Permitting Process 101

Are you getting ready to start a project? Big or small, you must obtain a Building Permit and the complexity of this process depends on the town or city that you live in. While you would think that the larger the city the harder the process is, that’s not necessarily true. Unfortunately, building is a fairly political process and small towns can really struggle with development while larger cities have the permitting process (especially after covid) down to an online process. 

Regardless of where you live, you will need to submit a set of drawings that define the following:

  • Foundation size with dimensions
  • All existing and proposed floor plans with interior layout
  • Rooflines defined with roof pitches
  • Details of roof and foundation
  • Elevations of all the sides of the home showing existing and proposed heights
  • Sections through the defined structure of the home

You will need to submit a set of plans that do not have a watermark on them and most of the time, these can be submitted through an online portal depending on the town or city. This can be confusing for the average homeowner, so remember that you can always call or drop by city hall and ask questions. These are government employees that are there working for you and they can be a wonderful resource!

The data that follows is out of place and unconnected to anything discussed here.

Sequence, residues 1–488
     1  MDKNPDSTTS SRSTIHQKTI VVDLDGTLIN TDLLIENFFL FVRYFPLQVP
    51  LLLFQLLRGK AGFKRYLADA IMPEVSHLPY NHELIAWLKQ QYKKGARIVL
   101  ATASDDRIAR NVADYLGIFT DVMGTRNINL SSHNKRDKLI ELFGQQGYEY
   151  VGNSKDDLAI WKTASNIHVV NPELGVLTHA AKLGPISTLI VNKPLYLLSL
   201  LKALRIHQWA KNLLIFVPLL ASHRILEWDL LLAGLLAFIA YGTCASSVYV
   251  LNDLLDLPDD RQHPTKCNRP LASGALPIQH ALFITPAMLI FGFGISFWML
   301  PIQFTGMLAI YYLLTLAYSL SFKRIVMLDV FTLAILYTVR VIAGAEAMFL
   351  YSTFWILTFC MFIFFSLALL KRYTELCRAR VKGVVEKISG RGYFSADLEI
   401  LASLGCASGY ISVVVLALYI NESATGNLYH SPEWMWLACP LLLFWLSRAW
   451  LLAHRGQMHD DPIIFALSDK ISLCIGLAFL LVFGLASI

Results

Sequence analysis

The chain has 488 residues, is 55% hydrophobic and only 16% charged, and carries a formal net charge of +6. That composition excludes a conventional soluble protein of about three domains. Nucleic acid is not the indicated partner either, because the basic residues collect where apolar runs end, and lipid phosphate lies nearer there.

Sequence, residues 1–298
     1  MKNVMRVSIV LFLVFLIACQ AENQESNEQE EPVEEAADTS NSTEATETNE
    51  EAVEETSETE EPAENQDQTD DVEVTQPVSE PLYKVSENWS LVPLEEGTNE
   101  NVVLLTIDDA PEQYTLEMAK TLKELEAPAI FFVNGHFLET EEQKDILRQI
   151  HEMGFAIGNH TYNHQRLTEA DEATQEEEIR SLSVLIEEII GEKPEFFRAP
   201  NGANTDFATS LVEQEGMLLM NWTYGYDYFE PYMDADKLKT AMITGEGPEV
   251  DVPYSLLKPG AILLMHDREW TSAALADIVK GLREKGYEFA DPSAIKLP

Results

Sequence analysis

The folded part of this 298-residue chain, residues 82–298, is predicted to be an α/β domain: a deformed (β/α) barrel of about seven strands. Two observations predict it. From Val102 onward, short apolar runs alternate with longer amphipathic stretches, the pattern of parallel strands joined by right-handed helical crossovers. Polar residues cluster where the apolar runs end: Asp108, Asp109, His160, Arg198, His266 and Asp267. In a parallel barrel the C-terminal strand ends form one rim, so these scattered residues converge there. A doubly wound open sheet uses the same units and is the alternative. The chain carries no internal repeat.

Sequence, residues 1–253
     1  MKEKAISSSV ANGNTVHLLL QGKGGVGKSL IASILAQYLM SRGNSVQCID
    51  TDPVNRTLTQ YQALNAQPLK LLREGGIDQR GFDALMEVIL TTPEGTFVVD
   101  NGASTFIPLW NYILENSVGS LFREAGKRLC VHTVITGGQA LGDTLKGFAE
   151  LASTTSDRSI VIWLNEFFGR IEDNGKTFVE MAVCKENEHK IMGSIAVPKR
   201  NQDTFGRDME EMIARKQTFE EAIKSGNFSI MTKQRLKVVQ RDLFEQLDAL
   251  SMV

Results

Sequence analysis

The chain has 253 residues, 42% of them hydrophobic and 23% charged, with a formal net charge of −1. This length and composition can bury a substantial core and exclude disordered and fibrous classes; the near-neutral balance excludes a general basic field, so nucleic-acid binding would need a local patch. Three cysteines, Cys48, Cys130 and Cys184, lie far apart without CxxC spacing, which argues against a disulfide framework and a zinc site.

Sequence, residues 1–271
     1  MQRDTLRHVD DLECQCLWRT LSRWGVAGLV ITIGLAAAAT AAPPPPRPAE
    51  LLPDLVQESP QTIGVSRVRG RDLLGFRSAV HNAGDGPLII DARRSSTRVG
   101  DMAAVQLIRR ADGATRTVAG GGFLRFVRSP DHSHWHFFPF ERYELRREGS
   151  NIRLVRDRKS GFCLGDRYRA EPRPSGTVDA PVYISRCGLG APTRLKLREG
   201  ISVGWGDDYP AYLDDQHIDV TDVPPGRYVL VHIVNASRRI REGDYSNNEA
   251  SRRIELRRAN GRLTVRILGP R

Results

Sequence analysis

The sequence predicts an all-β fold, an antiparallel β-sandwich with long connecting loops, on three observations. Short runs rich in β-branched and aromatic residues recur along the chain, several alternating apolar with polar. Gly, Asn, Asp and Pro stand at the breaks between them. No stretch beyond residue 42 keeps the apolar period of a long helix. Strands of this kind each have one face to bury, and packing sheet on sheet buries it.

Some towns (few and far between now) require a full set of plans to be submitted. This means printing out a large set of plans at a local print shop and hand carrying them into town hall. Printing the plans is expensive so before doing this, make sure that everything is correct and that your application is properly aligned. For example, you will probably have architectural, civil and structural engineering so make sure that everything is updated between those three companies. 

Lastly, organization is key! If there are emails between yourself and the town / city, make sure that you save ALL of them. You can go through and delete them after permits are in hand but you will want to keep all records of communication. And if you do have architectural, civil and structural engineering, you should save these communications as well.

Special Note: the FINAL version of the plans should be saved in your Dropbox or similar filing system. You have paid a lot of money for these so make sure you retain them for your records, I promise that they will come in handy should you sell the house or do any further work on it in the future.

Don’t hesitate to reach out to us at Amy Dutton Home or Abrigo Home to help you through the permitting process, we would be happy to partner with you!

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